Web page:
Videogames and Sensory Theory: Enchantment in the 21st Century

Videogames and Sensory Theory: Enchantment in the 21st Century

Kaila Goode (Oklahoma State University, USA) and Sheri Vasinda (Oklahoma State University, USA)
DOI: 10.4018/978-1-6684-7589-8.ch004
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The act of playing video games is a multimodal experience, immersing the gamer in a sensorial experience in the digital world. Video games incorporate sensory literacies such as haptics, graphics, sound effects, music, auditory dialogue, visual text, and character movement. The sensory literacies allow gamers to connect the digital world to the physical world, becoming engrossed in the world and story of the video game. Thus, due to the multimodal and sensorial nature of video games, they have the potential to be a beneficial tool for increasing student engagement within the classroom and assisting students in further increasing literacy skills and content knowledge. In addition, a review of literature of classroom use of video games as an instructional tool found increased engagement, use of video games as texts, cross-literacies that supported traditional literacy processes and skills.
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The first author has been playing videogames since she was four or five. Her parents bought a Sega Genesis for her; this was her very first game system. She remembers playing through the Disney simple story role-playing videogames (RPG) like Aladdin, The Little Mermaid, and Pocahontas. Aladdin was her favorite because it was easy; as a four-year-old, she could beat it. Then she got older and started playing more intricate RPG games. For example, one of her favorite games was The Legend of Zelda: Ocarina of Time. As she played, she began to get more and more immersed in the story of the game. The game was filled with complex characters like Link, Zelda, Sheik (Zelda’s secret identity), and the evil Ganon, and expansive environments like Hyrule, the multiple temples, and Jabu Jabu’s (whale-like fish) belly. These characters and environments were brought to life by the visual innovative 3D graphics (for this time period), audio features, and textual story-telling components of the game. The graphics displayed the characters’ facial features and reactions, body structures, clothing, weapons, and items with eye-catching colors, artistic lines, and unique character movement. The environmental graphics included details both big and small, from artistically mapping out large structures such as mountains and castles to forming small features such as bushes and trees. The game used music and various sound effects to bring the game to life, drawing her into the game causing various emotional sensations such as excitement, sadness, and terror. After being drawn in visually and audibly, she was further enamored by the game through the textual components: the game’s story and the dialogue of the characters in the form of the written word throughout the game. The textual components gave her more insight into the inner-workings of the characters and their world. And, though this game was more difficult and frustrating than the games she had played as a younger child, she persisted, being compelled to discover the ending of the story; she beat the game to know the story.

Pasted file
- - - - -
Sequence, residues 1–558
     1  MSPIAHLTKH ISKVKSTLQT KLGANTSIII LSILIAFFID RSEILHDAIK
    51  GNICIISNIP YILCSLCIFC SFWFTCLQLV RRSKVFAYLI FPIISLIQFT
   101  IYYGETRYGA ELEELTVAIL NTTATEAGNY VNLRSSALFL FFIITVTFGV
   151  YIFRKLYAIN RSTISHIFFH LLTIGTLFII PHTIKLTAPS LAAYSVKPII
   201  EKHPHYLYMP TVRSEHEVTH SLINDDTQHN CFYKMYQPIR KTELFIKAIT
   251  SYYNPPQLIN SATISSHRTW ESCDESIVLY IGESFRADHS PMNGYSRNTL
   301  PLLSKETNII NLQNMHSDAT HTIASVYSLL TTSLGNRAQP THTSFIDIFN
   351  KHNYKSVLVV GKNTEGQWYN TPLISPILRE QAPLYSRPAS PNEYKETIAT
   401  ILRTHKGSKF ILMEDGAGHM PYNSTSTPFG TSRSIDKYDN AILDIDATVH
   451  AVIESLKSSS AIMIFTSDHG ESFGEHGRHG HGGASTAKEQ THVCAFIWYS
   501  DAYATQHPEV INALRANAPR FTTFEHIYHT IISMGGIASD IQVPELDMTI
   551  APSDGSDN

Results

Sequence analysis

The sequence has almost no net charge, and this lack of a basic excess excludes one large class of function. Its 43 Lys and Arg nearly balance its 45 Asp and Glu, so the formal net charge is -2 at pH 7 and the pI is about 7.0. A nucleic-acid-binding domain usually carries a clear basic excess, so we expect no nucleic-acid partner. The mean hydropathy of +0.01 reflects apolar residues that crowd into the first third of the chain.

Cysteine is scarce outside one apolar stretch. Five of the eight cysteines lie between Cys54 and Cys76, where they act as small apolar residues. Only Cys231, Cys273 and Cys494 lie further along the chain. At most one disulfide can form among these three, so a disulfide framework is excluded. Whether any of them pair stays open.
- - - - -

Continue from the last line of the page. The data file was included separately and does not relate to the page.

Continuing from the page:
All of these interactions, visual, auditory, and textual, within the game, created a cohesive and engaging sensory experience, allowing her to know and love the story of the game. Videogames, having complex stories that are compelling and engaging, beckon gamers to revisit and complete the game multiple times. As an adult, she still enjoys playing RPG videogames. She has revisited many games such as STAR WARS: Knights of the Old Republic, The Legend of Zelda: Ocarina of Time, and Kingdom Hearts due to her love for the story or stories that lie within them.

Like traditional literature, videogames have timeless stories that continue to be relevant and exciting. In addition to the sensory experiences that immersed and enchanted her, they also require the use of traditional literacy skills in order to define, interpret, and make-meaning within and of its virtual worlds. However, unlike traditional literature, videogames provide gamers with an engaging sensory experience in which they are digitally immersing themselves into worlds and stories of their favorite characters. Videogames are a multimodal experience, stimulating the gamer through sensory elements and literacies, causing the gamer not only to become part of the story but for the videogame to become part of the gamer's story. Looking back on her experiences, the first author recognizes videogames as a form of literacy, specifically a form of multiliteracies. In her current roles as a teacher of students with identified learning variabilities with personalized Individual Education Plans (IEPs) and as a doctoral student intrigued by the possibilities multiliteracies hold, she is curious about the harnessing potential of videogames as a learning platform for her students, and all students. Her personal experiences and curiosity about the potential of videogames as an instructional tool inspired this review of the literature on utilizing them in classroom contexts and the potential of an emerging literacy theory that may explain the enchantment it has over gamers.

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